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Earlier this week, music mogul and real life O.G. James “Jimmy Henchman” Rosemond was found guilty on 13 charges for allegedly being the leader of the “Rosemond Organization,” a group that supposedly moved hundreds of kilos a week. 

Hold Ya Head! Jimmy Henchman Found Guilty 

For years, Jimmy Henchman’s name rang loudly in hip-hop circles. Recently, he was the manager of notable rappers and artists like Game, Gucci Mane, Brandy, Sean Kingston, Sheek Louch and Akon.

But before that, the Haitian-native was a notorious street guy from New York City, who reached infamy after Tupac rapped that he was going to “payback, Jimmy Henchman,” because Pac felt like he was one of the people who set him up and shot him back at Quads studio in 1994.  

STORY: Jimmy “Henchman” Rosemond Captured By The Feds

It was never confirmed that Henchman had a role in Pac’s shooting, but in 2008, the LA Times printed a story by Chuck Phillips which pointed a finger at Henchman as the man responsible for the shooting.
The story was later retracted after TheSmokingSection revealed some of the documents used as evidence weren’t real.

Henchman is just one street guy who is also known for his rap connects. Click through our list and check out seven other gangstas with music ties! 

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Big Meech & Young Jeezy

For over 20 years, Demetrius “Big Meech” Flenory and his brother Terry “Southwest T” Flenory were the leaders of a multi-million dollar drug organization empire called BMF (which stands for Black Mafia Family.)

The duo, who were originally from Detroit, made their second home in Atlanta. In the mid-2000s, Big Meech was trying to get a foot in the rap game, so BMF launched a record label. They collaborated with Atlanta rapper Young Jeezy, who had a heavy buzz from his Streets is Watching mixtape, on numerous occasions.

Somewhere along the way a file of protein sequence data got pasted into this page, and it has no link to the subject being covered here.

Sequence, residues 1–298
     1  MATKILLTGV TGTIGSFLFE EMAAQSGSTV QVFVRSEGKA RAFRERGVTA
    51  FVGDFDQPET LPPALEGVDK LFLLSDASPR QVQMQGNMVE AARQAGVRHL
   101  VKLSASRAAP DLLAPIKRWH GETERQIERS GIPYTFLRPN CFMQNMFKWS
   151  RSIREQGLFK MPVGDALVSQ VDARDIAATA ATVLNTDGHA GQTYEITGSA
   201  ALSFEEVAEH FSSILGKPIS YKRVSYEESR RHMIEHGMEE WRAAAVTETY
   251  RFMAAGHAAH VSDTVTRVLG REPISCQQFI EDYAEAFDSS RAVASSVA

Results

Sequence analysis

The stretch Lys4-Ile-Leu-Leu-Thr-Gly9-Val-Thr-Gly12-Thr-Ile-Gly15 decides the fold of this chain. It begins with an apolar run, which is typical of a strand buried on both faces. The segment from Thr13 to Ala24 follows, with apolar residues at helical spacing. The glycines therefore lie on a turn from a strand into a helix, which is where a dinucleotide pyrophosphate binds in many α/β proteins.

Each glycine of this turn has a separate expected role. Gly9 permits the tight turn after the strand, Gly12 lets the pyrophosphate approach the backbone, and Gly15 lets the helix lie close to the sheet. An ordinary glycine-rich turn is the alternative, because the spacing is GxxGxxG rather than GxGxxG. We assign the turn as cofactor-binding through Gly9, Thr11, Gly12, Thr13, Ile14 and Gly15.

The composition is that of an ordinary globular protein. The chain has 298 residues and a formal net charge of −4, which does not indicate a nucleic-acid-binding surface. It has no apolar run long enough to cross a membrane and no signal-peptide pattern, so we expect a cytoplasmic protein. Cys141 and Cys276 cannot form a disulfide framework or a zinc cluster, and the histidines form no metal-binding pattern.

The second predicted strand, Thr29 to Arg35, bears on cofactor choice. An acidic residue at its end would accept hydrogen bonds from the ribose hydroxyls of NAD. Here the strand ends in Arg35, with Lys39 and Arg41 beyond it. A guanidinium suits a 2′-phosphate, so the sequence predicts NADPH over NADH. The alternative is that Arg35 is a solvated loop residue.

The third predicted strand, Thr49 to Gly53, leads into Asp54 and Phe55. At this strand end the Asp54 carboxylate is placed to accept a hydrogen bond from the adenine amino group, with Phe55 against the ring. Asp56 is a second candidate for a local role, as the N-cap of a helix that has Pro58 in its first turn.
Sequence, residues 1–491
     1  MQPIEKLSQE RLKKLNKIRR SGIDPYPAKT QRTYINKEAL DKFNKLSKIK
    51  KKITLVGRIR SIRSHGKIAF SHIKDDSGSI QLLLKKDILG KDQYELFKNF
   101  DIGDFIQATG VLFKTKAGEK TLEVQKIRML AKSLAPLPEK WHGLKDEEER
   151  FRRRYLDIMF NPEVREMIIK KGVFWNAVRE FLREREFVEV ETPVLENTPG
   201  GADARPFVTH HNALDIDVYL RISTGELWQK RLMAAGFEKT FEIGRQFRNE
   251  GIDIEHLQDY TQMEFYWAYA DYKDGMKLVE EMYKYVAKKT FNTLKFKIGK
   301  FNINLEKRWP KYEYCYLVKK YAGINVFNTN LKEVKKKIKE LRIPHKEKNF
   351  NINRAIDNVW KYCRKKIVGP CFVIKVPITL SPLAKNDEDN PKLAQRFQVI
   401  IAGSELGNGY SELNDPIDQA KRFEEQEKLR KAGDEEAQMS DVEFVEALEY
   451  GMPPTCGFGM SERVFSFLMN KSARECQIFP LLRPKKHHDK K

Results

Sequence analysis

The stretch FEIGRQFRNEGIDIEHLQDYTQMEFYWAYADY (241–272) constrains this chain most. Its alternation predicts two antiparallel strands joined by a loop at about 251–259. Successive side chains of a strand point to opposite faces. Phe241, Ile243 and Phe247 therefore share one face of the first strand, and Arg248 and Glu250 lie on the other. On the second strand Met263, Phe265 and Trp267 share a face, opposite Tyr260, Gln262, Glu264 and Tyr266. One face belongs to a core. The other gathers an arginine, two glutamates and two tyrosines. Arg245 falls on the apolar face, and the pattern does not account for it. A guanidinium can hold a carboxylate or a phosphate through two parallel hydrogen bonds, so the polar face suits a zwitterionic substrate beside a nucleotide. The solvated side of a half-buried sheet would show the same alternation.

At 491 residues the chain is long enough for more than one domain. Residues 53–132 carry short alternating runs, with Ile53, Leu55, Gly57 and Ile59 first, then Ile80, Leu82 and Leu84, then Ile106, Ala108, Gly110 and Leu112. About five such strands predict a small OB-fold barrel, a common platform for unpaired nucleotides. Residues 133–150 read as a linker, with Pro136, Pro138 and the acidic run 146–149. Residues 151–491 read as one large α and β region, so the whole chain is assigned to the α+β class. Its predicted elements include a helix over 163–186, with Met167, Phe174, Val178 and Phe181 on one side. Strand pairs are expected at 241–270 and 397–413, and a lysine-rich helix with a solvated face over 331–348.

Big Meech and hundreds of his crewmembers were eventually arrested, and in 2007, Demetrius took a plea. He was sentenced to 30 years in federal prison.

In 2010, Young Jeezy famously took offense to Rick Ross’ ode to the criminal organization, “B.M.F. (Blowin’ Money Fast),” claiming that Ross didn’t know the crew.

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Chaz “Slim” Williams & 50 Cent

Chaz “Slim” Williams was one of the most notorious bank robbers during the late ’60s and throughout the ’70s. One of his most famous occurrences happened when he actually robbed a bank while serving time in a federal Michigan prison.

In the ’90s and the 2000s he started to promote parties and rubbed shoulders with the likes of DMX, Jay-Z and Ja Rule.

He was also, at one point, 50 Cent’s manager. However, things got ugly between the two and 50 claimed that Chaz had something to do with his famous 2000 shooting, where he was hit nine times.

In the song “Many Men,” 50 Cent had the lyric: “Slim switched sides on me, let n*ggas ride on me. I thought we was cool, why you want me to die homie?”

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Kenneth “Supreme” McGriff, 50 Cent & Murder Inc.

Supreme and his nephew Gerald “Prince” Miller were the leaders of the Supreme Team, a Queens-based gang that sold truckloads of cocaine throughout the ’80s and parts of the ’90s.

When Irv Gotti, Ja Rule and their Murder Inc. crew were coming up in the rap game, Supreme was one of the people the rappers hung out with and shouted out in various songs.